Asheville Art Talk: Phil DeAngelo’s Broken Road Studio

A single cow will invariably be featured on one of the walls of Phil DeAngelo's Broken Road Studio. “I can’t paint a serious cow,” he says. “So I do one every year. It keeps me from ever taking myself too seriously." Photo by Thomas Calder

When you enter Broken Road Studio in the River Arts District, your focus will naturally gravitate toward the saturated colors and scenes of Phil DeAngelo’s acrylic paintings. Whether it be the lone tree or the distant farm house underneath a giant moon, his style pulls you in. Beyond the images themselves, the textures and materials used within the works also hold your attention. Poplar, tin, cork and tile all lend further depth to the studio’s collection. In some instances these materials function as canvas; in other instances they are a means of lending additional texture to the acrylic.

Among the many pieces on display, a single cow will invariably be featured on one of the walls. But only one. It’s a tradition of sorts. “I can’t paint a serious cow,” DeAngelo says. “So I do one every year. It keeps me from ever taking myself too seriously. If you’re able to make your living as an artist, you’re blessed. There’s no room for an ego.”

When it comes to dogs in the studio, however, there’s room aplenty. DeAngelo and his wife have five, and there are generally two visiting at any given time. They’ll either greet you at the door or offer a lazy wag of the tail; it depends on the time of day. Either way, their presence lends to the studio’s overall warmth — a warmth that is extended by DeAngelo’s own penchant for conversation. “Interactions are part of the fun in having a working studio,” he says. Naturally, the talks often focus on his paintings. But if you sit there long enough and ask the right questions, you’ll eventually get a portrait not only of the artist’s work, but of the man himself.

While canvas and brush have always played a role in DeAngelo’s life, the ocean once consumed him. Born and raised in Ocean City, N.J., his early life revolved around catching waves. His two passions, however, eventually merged when DeAngelo and a friend, Steve Miller, decided to launch a website that sold prints. After a year working out of DeAngelo’s basement, the two opened a gallery in Ocean City. By then their focus had narrowed, specializing in paintings and prints that captured surf culture.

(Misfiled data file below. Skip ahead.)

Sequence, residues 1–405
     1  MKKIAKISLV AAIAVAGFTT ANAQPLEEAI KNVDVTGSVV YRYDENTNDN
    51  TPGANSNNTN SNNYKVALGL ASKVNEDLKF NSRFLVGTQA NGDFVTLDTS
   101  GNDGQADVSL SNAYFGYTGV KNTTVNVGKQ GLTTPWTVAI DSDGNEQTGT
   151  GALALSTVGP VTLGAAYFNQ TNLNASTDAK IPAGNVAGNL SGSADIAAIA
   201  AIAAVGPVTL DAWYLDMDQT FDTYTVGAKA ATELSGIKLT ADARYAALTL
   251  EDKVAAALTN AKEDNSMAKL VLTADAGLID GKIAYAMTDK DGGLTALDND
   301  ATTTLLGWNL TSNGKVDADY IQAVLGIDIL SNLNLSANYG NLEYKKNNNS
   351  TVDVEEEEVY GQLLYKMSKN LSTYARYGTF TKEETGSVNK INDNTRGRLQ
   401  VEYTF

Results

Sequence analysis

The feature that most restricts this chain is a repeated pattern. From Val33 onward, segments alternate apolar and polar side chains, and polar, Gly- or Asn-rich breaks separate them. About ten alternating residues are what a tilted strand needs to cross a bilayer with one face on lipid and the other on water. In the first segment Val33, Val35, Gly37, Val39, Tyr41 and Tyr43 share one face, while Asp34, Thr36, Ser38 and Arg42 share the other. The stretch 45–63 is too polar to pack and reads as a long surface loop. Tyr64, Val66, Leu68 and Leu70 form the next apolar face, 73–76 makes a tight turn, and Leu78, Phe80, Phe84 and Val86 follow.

The gallery grew and by 2001 its popularity led DeAngelo and Miller to create the Art of Surfing Festival, an annual, three-day gathering at the Music Pier. Artists were flown in, as were musical acts and surf legends, such as Kathy Kohner (better known as Gidget).

During this time, DeAngelo and Miller caught the attention of Random House Publishing, which wanted to feature DeAngelo’s prints in an upcoming book. Flown into New York City, DeAngelo met with both the CEO and marketing team. “I should have felt on top of the world,” DeAngelo says. “But throughout the meeting I just kept thinking, ‘I don’t belong here.’”

The feeling lingered, even as the book itself went into print. DeAngelo and Miller flew to expos all over the country to promote it. All the while, DeAngelo felt more and more disconnected from the work. “No one knew or cared about who the artist actually was,” DeAngelo says. “There was no relationship or connection with the customers.”

In 2007, DeAngelo and his wife Tina landed in Asheville for a vacation, three years overdue. They rented a cabin near Swannanoa and fell in love with the city and its mountains. “When we got back to New Jersey it kind felt like we were having an ongoing affair with Asheville,” DeAngelo says. Tina subscribed to numerous local and state magazines. They also started looking into properties. Six months later, they returned for a second visit, to make sure their initial infatuation wasn’t a simple case of summer love. But summer love, it was not.

For the last seven years, they’ve been calling Asheville home. DeAngelo sees the current state of the River Arts District as something historic. There are 180 working studios, yes, but within each studio is not merely an artist, but a member of the River Arts Community. A community where resources and talents are both celebrated and shared. “We’re like a family,” DeAngelo says. “We eat lunch together and we see each other outside of work. That’s not always the case among artists. For however long it lasts, this, right now, is Camelot.”

Find DeAngelo’s work at brokenroadstudio.com or by visiting Broken Roads Studio in the River Arts District.

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About Thomas Calder
Thomas Calder received his MFA in Fiction from the University of Houston's Creative Writing Program. He has worked with several publications, including Gulf Coast and the Collagist. For his weekly #tuesdayhistory tidbits on Asheville, follow him on Instagram @tcalder.

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